Ketchum pins liability for DoE disclosure on Williams

WASHINGTON: Ketchum bore no responsibility for disclosing columnist and pundit Armstrong Williams' status as a paid advocate for the Department of Education (DoE), said Lorraine Thelian, senior partner in charge of North American operations for the Omnicom agency.

WASHINGTON: Ketchum bore no responsibility for disclosing columnist and pundit Armstrong Williams' status as a paid advocate for the Department of Education (DoE), said Lorraine Thelian, senior partner in charge of North American operations for the Omnicom agency.

"[Williams] has said numerous times that he should've disclosed and we agree with that," she said. "We would assume that the commentator pundit/would disclose. That's an assumption that you make."

As part of a contract with the DoE, Ketchum arranged for Williams to be paid $240,000 to tape ads about the No Child Left Behind Act and to comment on the bipartisan-approved law during his broadcasts.

But Thelian, in the agency's only comments to the media since the contract was reported in USA Today on January 7, denied charges that Ketchum had acted inappropriately.

"It's not like we were pitching him to other media as a spokesperson," she said. "Whatever he did once that contract was put together, he did on his own."

Thelian said that Ketchum did not contractually require Armstrong to disclose the arrangement.

"We would never typically do that," she said. "But maybe it's something that we should be looking at in the future."

Williams said he did disclose his financial arrangement with the DoE on several occasions, but took responsibility for the oversight.

"I made the decision," Williams told PRWeek. "No one can blame Ketchum for my lapse in ethical judgment."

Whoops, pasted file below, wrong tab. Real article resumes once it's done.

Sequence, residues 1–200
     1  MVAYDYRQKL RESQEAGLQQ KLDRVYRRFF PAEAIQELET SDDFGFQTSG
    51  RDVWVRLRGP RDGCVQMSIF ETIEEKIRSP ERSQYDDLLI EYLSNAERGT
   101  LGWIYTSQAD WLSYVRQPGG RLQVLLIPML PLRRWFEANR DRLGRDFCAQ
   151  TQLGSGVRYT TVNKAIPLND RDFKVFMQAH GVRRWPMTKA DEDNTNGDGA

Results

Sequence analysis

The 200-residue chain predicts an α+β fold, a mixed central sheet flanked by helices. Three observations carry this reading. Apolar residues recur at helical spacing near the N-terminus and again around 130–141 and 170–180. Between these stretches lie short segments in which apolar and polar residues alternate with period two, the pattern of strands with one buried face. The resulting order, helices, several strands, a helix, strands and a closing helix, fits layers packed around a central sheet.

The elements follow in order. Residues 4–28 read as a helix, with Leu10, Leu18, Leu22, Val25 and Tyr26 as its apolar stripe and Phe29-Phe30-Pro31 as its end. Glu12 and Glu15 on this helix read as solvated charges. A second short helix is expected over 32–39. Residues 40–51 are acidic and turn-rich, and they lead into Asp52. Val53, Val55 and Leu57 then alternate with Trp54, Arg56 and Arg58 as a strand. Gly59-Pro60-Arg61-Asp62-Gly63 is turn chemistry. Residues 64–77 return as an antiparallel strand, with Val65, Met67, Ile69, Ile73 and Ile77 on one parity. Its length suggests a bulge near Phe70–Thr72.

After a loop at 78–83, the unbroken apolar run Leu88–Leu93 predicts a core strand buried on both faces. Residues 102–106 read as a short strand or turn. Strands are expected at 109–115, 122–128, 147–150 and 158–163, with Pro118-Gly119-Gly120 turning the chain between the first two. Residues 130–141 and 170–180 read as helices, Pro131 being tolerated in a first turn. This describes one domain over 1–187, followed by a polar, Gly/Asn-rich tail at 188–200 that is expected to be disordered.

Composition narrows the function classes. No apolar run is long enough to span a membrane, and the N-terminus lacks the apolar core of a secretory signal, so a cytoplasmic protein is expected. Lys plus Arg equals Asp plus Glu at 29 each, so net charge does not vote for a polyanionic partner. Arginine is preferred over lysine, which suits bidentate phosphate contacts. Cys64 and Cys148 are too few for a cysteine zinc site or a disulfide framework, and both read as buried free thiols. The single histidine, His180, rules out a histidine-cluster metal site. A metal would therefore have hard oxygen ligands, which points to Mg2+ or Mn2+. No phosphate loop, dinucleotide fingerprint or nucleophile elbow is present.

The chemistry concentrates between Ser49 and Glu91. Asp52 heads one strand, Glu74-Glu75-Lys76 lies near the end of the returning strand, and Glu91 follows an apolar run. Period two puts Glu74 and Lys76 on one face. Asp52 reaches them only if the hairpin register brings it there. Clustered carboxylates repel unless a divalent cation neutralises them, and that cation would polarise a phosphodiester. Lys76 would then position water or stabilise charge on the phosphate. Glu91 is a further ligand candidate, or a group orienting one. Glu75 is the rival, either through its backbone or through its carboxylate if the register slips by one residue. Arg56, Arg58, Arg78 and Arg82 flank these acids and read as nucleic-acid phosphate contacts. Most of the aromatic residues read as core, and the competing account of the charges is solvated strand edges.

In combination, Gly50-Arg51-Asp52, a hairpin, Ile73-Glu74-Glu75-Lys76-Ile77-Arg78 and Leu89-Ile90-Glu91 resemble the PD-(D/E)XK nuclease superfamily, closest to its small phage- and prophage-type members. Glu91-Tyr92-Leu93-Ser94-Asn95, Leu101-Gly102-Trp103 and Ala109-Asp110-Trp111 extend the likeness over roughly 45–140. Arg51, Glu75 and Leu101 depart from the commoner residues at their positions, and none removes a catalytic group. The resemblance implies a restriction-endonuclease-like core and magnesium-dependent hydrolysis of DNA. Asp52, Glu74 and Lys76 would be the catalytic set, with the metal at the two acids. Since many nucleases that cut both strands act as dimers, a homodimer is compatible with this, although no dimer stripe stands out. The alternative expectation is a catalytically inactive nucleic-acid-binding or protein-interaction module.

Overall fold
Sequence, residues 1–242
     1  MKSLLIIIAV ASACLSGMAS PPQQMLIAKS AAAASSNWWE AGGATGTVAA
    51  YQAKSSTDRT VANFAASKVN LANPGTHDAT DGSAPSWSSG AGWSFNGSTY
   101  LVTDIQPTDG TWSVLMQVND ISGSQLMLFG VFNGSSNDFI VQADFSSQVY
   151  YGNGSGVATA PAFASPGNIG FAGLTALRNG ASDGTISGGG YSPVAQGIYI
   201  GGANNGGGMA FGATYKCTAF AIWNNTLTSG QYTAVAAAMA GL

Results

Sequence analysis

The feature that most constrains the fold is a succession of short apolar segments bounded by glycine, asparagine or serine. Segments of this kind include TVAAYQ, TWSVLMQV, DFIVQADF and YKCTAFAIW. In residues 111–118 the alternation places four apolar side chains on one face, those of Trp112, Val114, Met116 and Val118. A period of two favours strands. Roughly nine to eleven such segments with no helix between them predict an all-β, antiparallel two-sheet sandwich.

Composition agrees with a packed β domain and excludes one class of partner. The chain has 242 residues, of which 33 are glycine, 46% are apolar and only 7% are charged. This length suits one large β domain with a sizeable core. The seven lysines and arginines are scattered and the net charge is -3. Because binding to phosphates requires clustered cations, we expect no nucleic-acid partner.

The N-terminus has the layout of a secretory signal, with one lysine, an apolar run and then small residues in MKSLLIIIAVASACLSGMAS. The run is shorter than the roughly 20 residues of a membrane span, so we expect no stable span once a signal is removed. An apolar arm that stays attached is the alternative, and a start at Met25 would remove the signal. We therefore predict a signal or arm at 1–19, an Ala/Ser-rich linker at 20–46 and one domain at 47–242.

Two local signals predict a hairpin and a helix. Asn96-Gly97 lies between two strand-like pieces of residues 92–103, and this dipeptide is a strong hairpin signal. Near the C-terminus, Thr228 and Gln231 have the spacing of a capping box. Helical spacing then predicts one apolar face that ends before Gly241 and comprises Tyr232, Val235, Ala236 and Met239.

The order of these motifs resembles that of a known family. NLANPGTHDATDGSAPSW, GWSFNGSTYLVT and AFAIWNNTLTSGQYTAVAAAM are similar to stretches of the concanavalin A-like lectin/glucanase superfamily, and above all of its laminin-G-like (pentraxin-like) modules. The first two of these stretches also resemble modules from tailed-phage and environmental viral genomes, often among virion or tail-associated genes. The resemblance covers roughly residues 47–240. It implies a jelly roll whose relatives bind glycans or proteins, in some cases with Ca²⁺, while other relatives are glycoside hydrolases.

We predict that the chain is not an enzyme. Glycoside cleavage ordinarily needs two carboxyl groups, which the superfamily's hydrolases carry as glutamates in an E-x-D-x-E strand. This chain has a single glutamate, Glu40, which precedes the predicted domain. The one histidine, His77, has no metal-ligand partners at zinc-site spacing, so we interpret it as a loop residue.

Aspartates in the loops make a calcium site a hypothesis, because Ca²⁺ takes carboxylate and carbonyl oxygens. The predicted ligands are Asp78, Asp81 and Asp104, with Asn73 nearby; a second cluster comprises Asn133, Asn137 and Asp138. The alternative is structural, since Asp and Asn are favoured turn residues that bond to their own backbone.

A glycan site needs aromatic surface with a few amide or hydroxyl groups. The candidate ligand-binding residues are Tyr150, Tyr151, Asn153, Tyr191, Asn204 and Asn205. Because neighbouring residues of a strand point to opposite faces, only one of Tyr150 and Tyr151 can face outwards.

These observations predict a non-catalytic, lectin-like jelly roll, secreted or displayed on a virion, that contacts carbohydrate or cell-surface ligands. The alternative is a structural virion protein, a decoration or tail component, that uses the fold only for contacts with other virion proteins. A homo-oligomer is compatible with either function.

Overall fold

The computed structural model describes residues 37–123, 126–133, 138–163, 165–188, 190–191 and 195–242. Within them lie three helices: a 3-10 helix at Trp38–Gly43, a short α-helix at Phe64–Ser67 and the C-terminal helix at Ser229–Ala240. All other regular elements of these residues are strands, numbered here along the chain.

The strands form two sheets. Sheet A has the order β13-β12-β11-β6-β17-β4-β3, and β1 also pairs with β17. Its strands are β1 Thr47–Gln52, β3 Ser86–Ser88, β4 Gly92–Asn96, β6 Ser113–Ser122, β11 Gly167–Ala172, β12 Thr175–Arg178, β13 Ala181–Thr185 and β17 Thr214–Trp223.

Thelian said Ketchum has already conducted an internal review of government contracts and has not discovered any similar problems. An external review is also planned.

Nonetheless, several congressional Democrats are demanding an investigation, citing a possible violation of the Publicity & Propaganda Act. The act states that the government cannot release information or promotional products without clearly identifying itself as the source.

Ketchum, Home Front Communications, and the Department of Health and Human Services were already cited for violating the act by the General Accounting Office last year after producing VNRs promoting a new Medicare law that did not identify themselves as government productions.

Objections are being voiced within the PR community, as well. Judith Phair, president of the Public Relations Society of America, said Ketchum's arrangement violated generally accepted disclosure rules.

"There is a bond of trust that has to exist among the public relations professionals, the media, and the general community," she said. "It is clearly unethical when that disclosure does not occur."

Williams episode sparks debate on disclosure ethics

The controversy surrounding Ketchum's subcontract with Armstrong Williams has ignited an emotional debate within the industry over the ethics of disclosure.

The fact remains that there is no single set of professional rules to which all practitioners adhere. However, several professional groups do publish ethical guidelines.

The PRSA Code of Provisions' "Disclosure of Information" section reads: "A member shall ... reveal the sponsors for causes and interests represented," and proscribes front groups and lying by omission. Another section characterizes the practice of giving gifts to influence press coverage as "improper conduct."

The Council of PR Firms' Code of Ethics reads, "In communicating with the public and media, member firms will maintain total accuracy and truthfulness. ... The sources of communications and sponsors of activities will not be concealed."

President Tom Martin of the Arthur W. Page Society, which counts Ketchum chairman emeritus David Drobis among its VPs, said, "We can be passionate advocates for a particular position ... but we have to make clear the source of that advocacy."

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